Throughout my time with the game there were a few moments of combat where the enemies became too overwhelming, and both Arkail and Styx were quickly defeated. But with a quick reload I was able to adjust my strategy and move forward. One complaint I have to level toward the game is that some skills don’t seem important to level up until almost too late in the game, and by then choices are locked in and can’t be removed.  There isn’t a simple health potion button to press during combat either. Managing health for both Arkail and Styx plays just as deeply in the combat as choosing which type of attack to use.  Fortunately once combat is over, health quickly restores for both characters or if one character falls in battle, they are revived.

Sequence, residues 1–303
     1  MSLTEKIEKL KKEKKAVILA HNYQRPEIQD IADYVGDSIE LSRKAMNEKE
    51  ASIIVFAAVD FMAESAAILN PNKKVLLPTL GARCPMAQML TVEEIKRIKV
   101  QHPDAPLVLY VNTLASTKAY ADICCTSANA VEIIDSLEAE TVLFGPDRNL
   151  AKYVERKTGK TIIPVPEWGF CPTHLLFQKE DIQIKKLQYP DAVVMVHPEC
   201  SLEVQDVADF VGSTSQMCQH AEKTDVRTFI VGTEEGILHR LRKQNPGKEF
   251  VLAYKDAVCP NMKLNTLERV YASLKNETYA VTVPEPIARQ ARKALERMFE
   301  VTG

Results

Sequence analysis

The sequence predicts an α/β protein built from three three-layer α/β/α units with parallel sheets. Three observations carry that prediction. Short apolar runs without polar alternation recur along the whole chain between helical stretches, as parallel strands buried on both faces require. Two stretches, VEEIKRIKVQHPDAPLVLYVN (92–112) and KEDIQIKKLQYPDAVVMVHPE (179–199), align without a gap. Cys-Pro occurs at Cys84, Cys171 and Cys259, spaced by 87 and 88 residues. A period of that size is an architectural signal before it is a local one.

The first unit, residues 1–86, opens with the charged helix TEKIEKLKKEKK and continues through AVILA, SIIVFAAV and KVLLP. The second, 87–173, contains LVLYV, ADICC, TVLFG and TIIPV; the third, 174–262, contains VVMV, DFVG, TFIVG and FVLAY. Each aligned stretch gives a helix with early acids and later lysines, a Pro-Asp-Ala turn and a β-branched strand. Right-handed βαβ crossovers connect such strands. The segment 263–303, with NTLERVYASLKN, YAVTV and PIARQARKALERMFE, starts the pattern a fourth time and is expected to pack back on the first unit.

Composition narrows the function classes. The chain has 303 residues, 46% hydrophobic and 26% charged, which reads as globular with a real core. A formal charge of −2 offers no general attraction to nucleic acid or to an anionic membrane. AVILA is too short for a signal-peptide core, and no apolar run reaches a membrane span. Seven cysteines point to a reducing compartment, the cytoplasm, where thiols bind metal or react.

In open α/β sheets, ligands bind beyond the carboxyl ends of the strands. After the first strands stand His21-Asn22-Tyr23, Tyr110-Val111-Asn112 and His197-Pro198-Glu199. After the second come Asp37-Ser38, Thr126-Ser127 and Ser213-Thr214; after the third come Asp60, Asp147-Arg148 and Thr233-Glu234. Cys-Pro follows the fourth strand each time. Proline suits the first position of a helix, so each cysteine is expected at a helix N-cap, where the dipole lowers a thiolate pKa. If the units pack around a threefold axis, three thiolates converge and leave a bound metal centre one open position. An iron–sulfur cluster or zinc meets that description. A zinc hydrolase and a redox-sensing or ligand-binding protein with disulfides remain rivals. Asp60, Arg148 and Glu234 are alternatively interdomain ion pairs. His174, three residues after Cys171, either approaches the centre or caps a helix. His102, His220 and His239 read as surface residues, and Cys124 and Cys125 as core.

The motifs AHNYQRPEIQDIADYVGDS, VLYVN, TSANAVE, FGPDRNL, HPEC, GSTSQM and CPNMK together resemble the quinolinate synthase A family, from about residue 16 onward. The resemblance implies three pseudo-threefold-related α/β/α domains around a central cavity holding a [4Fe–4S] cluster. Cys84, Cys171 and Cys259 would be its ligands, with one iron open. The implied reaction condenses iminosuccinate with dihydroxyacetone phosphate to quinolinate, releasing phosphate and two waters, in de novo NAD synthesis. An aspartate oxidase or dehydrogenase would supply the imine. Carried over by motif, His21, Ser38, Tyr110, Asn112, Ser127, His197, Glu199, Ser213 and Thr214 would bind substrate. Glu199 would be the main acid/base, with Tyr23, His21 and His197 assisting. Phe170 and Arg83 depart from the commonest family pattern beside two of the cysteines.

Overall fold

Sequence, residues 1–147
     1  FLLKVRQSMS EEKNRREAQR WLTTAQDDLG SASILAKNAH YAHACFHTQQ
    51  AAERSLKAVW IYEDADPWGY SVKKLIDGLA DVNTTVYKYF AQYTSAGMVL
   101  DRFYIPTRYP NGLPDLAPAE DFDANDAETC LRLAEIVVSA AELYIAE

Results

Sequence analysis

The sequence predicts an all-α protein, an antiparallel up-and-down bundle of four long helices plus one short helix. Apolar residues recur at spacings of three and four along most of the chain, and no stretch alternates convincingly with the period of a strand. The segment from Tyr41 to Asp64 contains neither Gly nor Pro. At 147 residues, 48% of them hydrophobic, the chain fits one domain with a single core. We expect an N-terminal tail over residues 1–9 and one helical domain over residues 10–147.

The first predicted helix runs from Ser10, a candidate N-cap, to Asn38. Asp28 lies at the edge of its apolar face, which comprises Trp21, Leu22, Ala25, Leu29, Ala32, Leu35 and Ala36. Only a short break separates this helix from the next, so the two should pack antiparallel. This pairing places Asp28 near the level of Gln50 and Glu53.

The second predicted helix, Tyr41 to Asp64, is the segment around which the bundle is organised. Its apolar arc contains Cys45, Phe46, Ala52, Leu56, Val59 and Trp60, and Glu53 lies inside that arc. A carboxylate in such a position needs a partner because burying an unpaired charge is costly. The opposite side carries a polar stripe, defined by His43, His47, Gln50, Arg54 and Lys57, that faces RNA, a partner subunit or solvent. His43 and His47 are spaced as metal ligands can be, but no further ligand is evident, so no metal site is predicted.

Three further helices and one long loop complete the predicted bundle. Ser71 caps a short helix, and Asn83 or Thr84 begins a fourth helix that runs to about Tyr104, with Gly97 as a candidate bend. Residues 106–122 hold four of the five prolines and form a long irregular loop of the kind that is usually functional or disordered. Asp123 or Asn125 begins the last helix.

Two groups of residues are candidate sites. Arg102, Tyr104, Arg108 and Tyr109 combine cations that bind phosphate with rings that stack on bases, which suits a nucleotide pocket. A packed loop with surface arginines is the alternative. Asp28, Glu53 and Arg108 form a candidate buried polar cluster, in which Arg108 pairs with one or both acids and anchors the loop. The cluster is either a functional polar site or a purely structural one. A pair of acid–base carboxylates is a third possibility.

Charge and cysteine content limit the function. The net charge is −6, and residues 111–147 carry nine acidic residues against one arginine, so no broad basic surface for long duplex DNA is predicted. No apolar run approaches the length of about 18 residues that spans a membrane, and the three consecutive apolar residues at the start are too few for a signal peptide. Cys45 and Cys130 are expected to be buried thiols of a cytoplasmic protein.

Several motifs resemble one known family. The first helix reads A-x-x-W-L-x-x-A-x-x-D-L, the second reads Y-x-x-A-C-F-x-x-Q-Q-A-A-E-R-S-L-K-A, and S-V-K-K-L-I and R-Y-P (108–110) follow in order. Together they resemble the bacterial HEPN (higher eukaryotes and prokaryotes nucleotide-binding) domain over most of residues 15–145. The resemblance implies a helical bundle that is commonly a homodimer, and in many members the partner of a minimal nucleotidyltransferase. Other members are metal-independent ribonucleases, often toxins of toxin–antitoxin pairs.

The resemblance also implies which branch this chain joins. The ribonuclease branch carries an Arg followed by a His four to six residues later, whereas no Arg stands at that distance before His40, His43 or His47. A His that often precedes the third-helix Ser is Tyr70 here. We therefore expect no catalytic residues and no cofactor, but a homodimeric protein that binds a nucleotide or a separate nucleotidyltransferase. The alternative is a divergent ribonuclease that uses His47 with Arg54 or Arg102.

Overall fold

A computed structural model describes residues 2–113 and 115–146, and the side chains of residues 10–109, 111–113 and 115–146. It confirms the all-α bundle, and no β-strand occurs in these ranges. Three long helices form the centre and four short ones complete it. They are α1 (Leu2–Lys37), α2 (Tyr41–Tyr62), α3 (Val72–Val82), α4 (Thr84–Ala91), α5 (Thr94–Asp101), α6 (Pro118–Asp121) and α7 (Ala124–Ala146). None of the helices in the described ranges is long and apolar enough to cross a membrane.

While combat is definitely a major focus in Of Orcs and Men, the story should not be overlooked either. A fable of sorts, Of Orcs and Men explores the nature of racial discrimination and clashes of cultures, while highlighting that working together (even if different views are held by team players) is the best way to overcome challenges.  The game also does a fantastic job of building some deep characters that struggle with choices they’ve made in the past and how they try to fix the wrongs they’ve done.  Of Orcs and Men succeeds wonderfully at making what are traditionally viewed as the bad guy (orcs and goblins) into very real and very “human” characters.  It is a juxtaposition that not many games do well (if ever) and by the end of the game I found myself wanting more.  Of course, the game ends with a resolution to the immediate story, but leaves enough open that I would hope Spiders and Cyanide will be able to go back and further explore the world they’ve created in a sequel. (Cyanide created the universe to build into multiple episodes, as Lead Game Designer Sylvain Sechi told us in our interview feature last summer.)